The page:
The Aryankavu bridge opened in 1904 and carried the ‘Shencottah-Quilon Section’ of the ‘Tinnevelly-Quilon Railway’ over the Aryankavu River; this was a metre gauge(MG) line operated as part of the ‘South Indian Railway’(SIR).
- Tinnevelly has modern spelling Tirunelveli
- Shencottah , also Sengottai has modern spelling Shenkottai
- Quilon has modern spelling Kollam
Various descriptions of this railway have been used in different records
- Kollam-Sengottai Railway
- Quilon-Shencottah Railway
The line was built jointly by the SIR, Travancore State and the Madras Presidency. The line, often called the 'Travancore Railway, was divided into two sections: -
- ‘Tinnevelly-Quilon (Travancore) Railway - British Section’ from Tinnevelly to the British Frontier near Shencottah, 50½ miles(81km)
- ‘Tinnevelly-Quilon (Travancore) Railway - Native State Section’ Frontier of the Travancore State to Quillon, 78 miles(126km)
After a survey in 1888, work started in 1900 and was completed by 1902. The first goods train travelled on this route in 1902 while the first passenger train began its run in 1904. Metre gauge services were inaugurated on 1 July 1904 with the first passenger train flagged off from Kollam by Maharajah Moolam Thirunal of Travancore with a 21-gun salute .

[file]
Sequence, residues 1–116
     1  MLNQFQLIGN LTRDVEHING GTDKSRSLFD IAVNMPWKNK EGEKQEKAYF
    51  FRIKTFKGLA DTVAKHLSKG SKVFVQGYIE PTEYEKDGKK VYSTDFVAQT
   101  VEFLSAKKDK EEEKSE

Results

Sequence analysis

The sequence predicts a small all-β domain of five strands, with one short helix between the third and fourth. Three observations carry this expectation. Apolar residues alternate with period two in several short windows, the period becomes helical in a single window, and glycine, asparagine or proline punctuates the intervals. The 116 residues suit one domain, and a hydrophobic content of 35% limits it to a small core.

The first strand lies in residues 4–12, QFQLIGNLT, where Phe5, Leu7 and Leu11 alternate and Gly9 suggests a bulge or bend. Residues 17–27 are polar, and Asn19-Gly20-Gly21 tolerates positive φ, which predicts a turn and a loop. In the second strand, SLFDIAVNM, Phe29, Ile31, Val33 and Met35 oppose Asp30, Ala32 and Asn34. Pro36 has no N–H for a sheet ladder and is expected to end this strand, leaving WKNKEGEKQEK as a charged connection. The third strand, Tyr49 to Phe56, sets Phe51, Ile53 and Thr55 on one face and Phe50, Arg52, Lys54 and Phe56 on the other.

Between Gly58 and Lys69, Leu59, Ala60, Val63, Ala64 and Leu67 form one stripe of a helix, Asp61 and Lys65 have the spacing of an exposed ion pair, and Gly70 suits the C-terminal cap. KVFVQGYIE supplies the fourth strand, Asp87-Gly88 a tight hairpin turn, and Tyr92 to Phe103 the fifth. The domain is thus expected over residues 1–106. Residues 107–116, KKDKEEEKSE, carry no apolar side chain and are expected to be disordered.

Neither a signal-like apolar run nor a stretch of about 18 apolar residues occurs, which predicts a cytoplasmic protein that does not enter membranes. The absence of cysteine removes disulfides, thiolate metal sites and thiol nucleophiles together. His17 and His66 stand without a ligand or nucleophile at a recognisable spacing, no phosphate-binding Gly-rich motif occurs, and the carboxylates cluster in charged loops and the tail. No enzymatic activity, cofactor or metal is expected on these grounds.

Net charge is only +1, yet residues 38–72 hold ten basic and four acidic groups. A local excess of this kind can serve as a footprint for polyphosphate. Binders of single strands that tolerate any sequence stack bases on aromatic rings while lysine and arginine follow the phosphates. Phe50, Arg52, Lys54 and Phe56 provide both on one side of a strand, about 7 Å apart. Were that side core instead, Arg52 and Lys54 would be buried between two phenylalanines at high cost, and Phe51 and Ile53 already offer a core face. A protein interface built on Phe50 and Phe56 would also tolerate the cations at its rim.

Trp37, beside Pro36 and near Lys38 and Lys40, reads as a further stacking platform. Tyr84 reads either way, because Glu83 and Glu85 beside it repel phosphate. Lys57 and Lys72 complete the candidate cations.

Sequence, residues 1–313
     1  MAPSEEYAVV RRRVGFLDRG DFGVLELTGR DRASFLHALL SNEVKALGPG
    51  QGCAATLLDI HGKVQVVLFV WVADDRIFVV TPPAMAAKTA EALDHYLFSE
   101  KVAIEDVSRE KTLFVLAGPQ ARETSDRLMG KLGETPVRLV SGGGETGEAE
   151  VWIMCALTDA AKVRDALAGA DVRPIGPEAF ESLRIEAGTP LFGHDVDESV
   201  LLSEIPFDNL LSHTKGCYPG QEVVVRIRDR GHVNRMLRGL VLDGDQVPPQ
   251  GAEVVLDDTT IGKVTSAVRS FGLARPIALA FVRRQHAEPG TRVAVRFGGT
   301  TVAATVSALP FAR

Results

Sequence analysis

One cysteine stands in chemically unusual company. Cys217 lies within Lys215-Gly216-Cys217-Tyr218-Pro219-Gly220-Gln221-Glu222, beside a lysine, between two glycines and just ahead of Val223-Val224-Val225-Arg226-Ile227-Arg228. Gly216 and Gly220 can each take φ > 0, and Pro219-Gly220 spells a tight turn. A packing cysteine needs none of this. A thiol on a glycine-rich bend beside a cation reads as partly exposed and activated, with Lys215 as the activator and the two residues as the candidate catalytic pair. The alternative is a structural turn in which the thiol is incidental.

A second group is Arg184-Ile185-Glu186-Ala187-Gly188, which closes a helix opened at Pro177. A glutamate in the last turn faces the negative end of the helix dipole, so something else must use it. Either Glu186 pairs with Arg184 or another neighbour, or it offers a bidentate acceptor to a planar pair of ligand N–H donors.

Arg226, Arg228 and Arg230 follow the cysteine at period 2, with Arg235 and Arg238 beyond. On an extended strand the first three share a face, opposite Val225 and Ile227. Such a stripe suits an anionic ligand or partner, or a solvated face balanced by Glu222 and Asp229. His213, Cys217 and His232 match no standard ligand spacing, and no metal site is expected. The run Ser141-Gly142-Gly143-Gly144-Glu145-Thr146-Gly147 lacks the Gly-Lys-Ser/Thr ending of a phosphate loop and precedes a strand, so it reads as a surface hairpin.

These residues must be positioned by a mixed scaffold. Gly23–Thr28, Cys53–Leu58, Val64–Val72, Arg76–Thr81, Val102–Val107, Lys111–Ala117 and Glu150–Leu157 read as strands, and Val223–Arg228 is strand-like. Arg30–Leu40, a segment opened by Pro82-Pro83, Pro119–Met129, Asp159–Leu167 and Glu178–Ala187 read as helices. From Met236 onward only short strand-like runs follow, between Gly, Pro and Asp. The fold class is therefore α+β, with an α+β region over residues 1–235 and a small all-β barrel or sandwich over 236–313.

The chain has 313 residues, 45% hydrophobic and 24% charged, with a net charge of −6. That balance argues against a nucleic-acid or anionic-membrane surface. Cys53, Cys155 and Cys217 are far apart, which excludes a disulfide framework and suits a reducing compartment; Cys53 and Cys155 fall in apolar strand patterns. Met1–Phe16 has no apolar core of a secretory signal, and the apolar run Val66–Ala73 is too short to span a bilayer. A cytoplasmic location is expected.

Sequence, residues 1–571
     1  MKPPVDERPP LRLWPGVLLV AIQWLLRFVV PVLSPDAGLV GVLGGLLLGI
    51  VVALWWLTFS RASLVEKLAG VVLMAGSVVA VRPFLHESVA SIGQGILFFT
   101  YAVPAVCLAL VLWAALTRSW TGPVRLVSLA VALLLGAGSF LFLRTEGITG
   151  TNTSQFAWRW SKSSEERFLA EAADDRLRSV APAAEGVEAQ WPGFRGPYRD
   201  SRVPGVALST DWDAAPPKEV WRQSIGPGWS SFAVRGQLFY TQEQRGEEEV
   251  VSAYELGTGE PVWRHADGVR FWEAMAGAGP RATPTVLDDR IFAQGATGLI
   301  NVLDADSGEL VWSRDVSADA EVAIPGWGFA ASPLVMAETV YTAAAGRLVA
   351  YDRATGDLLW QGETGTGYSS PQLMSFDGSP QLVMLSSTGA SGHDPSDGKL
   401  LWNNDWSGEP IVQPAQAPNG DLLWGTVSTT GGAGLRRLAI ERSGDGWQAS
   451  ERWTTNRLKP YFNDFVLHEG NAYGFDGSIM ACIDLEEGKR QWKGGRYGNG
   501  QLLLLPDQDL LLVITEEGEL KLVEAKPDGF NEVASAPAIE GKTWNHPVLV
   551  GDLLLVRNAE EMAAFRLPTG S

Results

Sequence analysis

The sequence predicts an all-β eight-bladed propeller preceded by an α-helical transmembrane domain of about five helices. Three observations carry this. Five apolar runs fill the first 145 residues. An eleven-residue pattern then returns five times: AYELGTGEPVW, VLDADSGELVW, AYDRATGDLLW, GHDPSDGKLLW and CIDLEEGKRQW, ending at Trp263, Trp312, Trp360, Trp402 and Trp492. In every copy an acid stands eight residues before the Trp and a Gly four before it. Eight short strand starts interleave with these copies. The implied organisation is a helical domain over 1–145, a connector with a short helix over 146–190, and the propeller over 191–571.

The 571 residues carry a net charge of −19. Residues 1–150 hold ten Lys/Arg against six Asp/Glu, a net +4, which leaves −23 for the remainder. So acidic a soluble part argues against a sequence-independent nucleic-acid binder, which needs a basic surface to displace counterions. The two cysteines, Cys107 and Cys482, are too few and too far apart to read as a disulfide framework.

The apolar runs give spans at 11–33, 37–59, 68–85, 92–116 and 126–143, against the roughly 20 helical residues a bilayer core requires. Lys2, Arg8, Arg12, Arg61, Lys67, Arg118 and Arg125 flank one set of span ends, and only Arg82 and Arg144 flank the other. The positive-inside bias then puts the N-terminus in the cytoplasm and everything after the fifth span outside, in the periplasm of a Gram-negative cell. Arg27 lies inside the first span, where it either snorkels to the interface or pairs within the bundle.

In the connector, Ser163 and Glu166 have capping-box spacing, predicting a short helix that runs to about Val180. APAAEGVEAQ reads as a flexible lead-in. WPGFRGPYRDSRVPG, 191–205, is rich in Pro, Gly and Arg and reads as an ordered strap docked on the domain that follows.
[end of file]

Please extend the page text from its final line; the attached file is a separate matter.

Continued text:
Wikimedia gives an image of the bridge and reports “The 13-arch Aryankavu bridge, nearly 110 years old, at Kazhathuruthi, near Punalur, Kerala, on the Kollam-Sengottai branch line that meanders through thick jungles and hills, is one of the prettiest in India .
- Wikipedia ‘Kollam-Sengottai Branch Line’; Retrieved 13 Dec 2020
- Redff.com ‘The ancient heritage behond our railway bridges’ by Bibek Debroy. IMAGE 5: Aryankavu bridge; Retrieved 13 Dec 2020